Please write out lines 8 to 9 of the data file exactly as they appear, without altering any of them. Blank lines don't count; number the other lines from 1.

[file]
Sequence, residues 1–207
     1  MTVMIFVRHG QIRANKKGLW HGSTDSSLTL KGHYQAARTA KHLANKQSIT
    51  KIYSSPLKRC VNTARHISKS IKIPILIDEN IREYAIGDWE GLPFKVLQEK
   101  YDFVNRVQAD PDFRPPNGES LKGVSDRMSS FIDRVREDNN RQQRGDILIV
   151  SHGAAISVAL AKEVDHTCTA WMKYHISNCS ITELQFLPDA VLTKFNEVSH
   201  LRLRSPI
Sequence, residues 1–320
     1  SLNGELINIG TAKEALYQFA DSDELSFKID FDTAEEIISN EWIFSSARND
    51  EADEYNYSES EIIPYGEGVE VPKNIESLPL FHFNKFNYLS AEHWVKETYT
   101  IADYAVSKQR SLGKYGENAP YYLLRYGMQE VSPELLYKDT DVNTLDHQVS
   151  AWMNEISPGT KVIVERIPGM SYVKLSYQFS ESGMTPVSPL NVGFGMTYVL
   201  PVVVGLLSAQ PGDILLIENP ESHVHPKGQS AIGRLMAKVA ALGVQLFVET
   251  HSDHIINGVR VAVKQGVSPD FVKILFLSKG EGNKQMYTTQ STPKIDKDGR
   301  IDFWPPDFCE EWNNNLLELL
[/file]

     1  SLNGELINIG TAKEALYQFA DSDELSFKID FDTAEEIISN EWIFSSARND
    51  EADEYNYSES EIIPYGEGVE VPKNIESLPL FHFNKFNYLS AEHWVKETYT